Where is Cork Grown?

By Jamie Orr
Date 21/10/2022
where is cork grown?

Whether you’re using something in your day-to-day life or considering it for your property, it’s only natural that you’ll want to know where it comes from. That could be down to environmental concerns or just curiosity.

So, what about cork? In this post, we’ll explore where it’s grown and how the harvesting process works…

Where is cork grown?

Cork comes from cork oak trees (Quercus suber), which are grown in areas with lots of sunshine, high humidity and a small amount of rain. That includes a number of countries on the coast of the Mediterranean Sea – including Spain, Portugal, Italy and France in Europe, plus Morocco, Tunisia and Algeria in Africa.

However, it’s worth noting that the majority of cork comes from Portugal and Spain. According to figures from the Cork Quality Council, these two countries account for over half of the world’s cork forest area – with 34% in Portugal and 27% in Spain.

That’s followed by:

  • Morocco – 18%
  • Algeria – 11%
  • Tunisia – 4%
  • France – 3%
  • Italy – 3%

Of course, not all of the cork grown is harvested and used. In terms of production, Portugal leads the way, producing 50% of the world’s cork. Here’s a breakdown of where the rest comes from:

  • Spain – 31%
  • Morocco – 6%
  • Algeria – 5%
  • Tunisia – 3%
  • France – 3%
  • Italy – 3%

The harvesting process

It’s not just where cork is grown that matters, but how it’s grown too. Or more specifically, how it’s harvested. Cork oak trees have to be at least 25 years old before harvesting takes place. But the trees aren’t felled after this point. Instead, the cork-rich bark is stripped from the tree during the summer months.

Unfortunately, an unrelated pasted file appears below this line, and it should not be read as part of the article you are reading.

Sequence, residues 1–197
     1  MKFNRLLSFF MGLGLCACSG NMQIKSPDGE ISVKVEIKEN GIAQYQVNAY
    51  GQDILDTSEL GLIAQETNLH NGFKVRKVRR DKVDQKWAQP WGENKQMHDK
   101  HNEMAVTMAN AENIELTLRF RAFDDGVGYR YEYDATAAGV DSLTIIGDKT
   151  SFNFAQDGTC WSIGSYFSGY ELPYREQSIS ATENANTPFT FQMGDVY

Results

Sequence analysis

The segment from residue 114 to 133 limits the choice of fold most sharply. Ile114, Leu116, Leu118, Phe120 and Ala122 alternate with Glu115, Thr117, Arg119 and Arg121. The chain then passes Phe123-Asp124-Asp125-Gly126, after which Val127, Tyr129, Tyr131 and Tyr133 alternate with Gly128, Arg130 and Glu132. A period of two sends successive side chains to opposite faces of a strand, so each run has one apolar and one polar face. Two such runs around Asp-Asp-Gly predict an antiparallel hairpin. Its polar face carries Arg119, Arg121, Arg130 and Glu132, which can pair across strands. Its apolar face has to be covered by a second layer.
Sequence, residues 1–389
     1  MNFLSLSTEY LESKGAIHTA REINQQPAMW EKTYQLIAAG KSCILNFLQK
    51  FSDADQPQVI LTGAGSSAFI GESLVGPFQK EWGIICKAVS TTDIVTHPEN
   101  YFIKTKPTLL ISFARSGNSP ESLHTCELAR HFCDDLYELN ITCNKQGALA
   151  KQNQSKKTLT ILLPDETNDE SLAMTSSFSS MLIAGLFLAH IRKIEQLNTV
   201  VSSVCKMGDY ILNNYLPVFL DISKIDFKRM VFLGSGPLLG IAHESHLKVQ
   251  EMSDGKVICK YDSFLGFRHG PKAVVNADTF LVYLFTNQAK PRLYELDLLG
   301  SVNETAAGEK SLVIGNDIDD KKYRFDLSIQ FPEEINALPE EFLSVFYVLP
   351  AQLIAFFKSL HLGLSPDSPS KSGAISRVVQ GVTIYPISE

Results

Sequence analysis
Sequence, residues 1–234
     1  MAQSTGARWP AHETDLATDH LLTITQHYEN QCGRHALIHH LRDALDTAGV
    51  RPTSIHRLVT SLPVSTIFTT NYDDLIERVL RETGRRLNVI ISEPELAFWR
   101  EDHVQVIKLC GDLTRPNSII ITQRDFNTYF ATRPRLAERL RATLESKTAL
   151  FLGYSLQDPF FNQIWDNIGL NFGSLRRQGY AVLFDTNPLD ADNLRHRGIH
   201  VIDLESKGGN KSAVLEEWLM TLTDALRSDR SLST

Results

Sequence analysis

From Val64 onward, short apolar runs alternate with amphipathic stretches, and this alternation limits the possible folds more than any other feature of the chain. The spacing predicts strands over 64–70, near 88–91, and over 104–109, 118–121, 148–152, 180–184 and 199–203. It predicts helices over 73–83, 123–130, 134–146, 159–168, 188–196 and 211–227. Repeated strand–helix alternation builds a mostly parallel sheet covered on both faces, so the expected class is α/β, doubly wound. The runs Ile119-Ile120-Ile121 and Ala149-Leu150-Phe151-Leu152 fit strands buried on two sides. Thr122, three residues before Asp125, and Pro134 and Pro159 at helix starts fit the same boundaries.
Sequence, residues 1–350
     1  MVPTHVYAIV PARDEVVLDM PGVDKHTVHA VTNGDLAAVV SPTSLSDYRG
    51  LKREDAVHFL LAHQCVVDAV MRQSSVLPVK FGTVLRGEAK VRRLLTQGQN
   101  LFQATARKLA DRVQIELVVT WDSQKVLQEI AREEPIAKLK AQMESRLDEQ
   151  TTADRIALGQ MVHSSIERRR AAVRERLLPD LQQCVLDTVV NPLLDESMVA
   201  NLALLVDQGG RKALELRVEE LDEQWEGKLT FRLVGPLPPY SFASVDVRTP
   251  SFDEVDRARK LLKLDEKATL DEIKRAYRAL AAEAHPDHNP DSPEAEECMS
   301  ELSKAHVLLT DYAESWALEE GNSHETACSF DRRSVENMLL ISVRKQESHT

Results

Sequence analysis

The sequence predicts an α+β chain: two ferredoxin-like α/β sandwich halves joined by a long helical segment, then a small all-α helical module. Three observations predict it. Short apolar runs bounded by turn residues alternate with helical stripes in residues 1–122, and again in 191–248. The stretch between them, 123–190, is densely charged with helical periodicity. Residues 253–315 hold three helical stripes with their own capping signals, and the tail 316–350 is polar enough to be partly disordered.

Care is taken to preserve the tree’s inner layer when removing bark. This allows it to regrow its own cork-rich bark over the next 8-14 years. The bark can then be stripped again once it has grown back.

Here’s why that matters…

Traditionally, felling oak trees stops them absorbing CO2 from the air, making it detrimental to the environment. It takes several decades before a new tree is fully grown and absorbing the same levels of CO2.

With cork oak trees, the tree actually absorbs more CO2 from the environment while regrowing its bark, meaning that the cork harvesting process is carbon negative. Even better, it can happen as many as 17 times in a tree’s life.

Needless to say, leaving those trees where they belong also protects the natural habitat of several species – with over 2 million hectares of land covered by cork oak forests.

Cork – eco-friendly material

With its sustainable harvesting process, cork is an eco-friendly material that has a wide range of uses. As well as its most famous application in the drinks industry, cork is a highly functional building material used throughout the world.

At CorkSol, we’ve developed an insulative, durable and moisture-resistant cork coating for internal and external walls. SprayCork can help you cut down your heating bills, eliminate damp and even reduce sound in your home.

Want to find out more? Take a look at our guide to cork insulation, or call our team on 01484 442420 to discuss your requirements.

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